Kestrel

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Ben Locke [c]

The Kestrel was once our most common British bird of prey, but the last 20 years has seen a dramatic decline of this species in several regions.  Like the Barn owl, the Kestrel is a predator specialising in catching small mammals, so requires rough grassland and natural cavities such as openings in old trees for a nest site. The BTO’s breeding bird survey between 1995 and 2008 showed a 20% decline and a further 36% decline between 2008 and 2009.   The UK has seen a rise in diseases attacking our trees, subsequently meaning the loss of this valuable habitat and potential nest site for Kestrels. Putting up a nest box might just help your local pair of Kestrels – take a look at the points below.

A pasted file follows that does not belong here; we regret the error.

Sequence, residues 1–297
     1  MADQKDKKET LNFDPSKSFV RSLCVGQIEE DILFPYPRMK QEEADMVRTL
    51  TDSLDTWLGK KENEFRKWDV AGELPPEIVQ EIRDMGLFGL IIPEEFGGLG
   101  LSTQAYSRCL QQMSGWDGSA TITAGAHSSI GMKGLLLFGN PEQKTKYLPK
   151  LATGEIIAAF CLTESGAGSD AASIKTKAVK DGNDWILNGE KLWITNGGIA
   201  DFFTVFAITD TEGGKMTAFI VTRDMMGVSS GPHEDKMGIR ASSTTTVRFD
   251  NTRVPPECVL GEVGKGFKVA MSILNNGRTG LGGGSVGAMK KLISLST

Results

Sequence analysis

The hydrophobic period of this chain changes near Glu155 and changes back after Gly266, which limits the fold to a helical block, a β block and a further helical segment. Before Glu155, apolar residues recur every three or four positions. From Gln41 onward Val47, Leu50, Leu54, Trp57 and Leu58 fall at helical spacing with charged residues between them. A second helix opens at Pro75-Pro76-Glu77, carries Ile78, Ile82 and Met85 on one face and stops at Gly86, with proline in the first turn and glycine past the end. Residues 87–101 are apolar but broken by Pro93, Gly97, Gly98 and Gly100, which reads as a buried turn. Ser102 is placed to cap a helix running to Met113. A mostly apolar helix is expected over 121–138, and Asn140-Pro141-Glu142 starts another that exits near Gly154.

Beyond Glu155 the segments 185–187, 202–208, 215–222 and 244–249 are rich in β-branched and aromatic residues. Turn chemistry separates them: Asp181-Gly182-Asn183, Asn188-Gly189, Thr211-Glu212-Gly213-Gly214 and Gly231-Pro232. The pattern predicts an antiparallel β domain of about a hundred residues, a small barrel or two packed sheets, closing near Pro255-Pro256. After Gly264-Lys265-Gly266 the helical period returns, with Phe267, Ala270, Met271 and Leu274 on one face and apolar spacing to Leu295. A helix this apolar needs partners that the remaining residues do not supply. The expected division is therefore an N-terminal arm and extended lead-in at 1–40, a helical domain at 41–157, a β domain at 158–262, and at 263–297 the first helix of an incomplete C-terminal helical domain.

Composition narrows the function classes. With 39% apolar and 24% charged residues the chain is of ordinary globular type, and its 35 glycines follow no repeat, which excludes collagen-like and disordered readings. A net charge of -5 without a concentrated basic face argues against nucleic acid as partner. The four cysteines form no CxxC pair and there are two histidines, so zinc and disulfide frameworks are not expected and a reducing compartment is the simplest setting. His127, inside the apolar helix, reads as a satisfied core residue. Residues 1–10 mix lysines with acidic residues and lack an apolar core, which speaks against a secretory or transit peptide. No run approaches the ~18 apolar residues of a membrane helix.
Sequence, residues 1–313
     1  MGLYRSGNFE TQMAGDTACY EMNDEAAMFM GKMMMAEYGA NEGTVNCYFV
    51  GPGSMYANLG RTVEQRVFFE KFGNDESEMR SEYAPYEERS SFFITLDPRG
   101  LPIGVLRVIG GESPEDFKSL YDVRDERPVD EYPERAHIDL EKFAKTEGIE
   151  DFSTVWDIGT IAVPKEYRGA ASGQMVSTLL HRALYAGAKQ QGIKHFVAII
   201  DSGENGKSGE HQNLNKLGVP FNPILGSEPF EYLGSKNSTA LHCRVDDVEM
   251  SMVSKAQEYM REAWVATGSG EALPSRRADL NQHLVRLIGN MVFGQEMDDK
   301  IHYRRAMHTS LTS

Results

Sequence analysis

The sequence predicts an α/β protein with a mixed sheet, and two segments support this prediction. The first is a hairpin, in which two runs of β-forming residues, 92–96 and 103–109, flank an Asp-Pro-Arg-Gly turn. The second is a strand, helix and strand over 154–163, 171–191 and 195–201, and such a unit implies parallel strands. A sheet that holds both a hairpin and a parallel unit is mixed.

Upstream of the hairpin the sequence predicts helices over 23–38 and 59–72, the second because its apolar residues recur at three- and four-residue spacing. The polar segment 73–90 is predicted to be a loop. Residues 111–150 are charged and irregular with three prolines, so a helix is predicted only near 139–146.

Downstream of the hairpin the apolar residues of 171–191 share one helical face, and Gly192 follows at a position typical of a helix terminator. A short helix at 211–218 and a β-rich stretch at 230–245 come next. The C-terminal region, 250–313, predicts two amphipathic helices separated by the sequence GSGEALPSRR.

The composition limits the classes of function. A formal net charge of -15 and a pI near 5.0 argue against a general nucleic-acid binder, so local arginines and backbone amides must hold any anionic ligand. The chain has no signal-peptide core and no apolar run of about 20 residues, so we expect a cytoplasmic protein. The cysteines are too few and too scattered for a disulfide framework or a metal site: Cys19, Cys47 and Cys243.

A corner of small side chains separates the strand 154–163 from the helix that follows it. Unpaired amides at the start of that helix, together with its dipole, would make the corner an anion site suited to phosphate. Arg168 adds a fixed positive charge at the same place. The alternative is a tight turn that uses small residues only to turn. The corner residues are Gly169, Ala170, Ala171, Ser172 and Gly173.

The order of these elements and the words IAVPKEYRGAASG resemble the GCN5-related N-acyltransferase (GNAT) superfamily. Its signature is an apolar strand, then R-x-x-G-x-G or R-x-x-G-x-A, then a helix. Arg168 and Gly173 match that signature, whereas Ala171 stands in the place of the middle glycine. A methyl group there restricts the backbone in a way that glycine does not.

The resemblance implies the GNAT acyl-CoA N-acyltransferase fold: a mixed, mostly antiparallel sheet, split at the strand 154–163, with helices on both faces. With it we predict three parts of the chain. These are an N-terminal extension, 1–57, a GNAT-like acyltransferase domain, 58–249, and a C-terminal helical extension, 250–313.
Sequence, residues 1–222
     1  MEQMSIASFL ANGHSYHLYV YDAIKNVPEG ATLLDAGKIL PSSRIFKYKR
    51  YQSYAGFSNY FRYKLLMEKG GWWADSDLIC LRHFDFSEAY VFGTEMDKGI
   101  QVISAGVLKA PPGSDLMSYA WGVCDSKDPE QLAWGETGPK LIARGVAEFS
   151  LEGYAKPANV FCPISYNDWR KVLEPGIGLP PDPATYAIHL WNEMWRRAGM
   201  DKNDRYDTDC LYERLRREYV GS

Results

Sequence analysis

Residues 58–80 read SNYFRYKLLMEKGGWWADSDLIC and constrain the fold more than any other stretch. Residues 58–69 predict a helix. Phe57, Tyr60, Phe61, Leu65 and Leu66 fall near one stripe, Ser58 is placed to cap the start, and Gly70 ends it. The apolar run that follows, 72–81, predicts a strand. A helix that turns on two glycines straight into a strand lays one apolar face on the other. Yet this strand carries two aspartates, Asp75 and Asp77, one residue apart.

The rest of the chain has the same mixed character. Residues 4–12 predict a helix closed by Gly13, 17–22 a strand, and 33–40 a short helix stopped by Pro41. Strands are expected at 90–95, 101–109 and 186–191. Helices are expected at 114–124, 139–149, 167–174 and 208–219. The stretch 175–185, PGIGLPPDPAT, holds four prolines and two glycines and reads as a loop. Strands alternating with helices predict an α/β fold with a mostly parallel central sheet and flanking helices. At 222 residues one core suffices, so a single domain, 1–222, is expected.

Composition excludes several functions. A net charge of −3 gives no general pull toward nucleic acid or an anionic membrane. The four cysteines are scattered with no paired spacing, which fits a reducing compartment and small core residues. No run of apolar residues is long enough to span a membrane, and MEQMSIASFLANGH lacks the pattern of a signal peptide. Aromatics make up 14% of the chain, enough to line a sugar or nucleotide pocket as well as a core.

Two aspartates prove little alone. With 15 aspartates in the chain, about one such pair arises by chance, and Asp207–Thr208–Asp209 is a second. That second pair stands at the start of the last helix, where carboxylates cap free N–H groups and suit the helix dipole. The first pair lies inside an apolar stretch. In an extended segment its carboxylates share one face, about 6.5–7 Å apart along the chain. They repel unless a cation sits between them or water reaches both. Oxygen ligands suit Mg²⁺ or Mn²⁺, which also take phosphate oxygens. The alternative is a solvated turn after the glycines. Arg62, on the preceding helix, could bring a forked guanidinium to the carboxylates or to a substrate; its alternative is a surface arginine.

kestrel chicks

  • As Kestrels predate on small mammals, they need rough grassland – if you can leave rough areas of land (or encourage the local landowner) this will help.
  • By putting up a nest box, you can offer a chance to breed – take a look at our Kestrel box on the link below.
  • Don’t forget to put a substrate in the bottom of your box – soil or compost is best as this gives the birds somewhere to lay their eggs.

To buy a Kestrel box built by Raptor Aid please click on this link

If you’d like some advice please get in touch!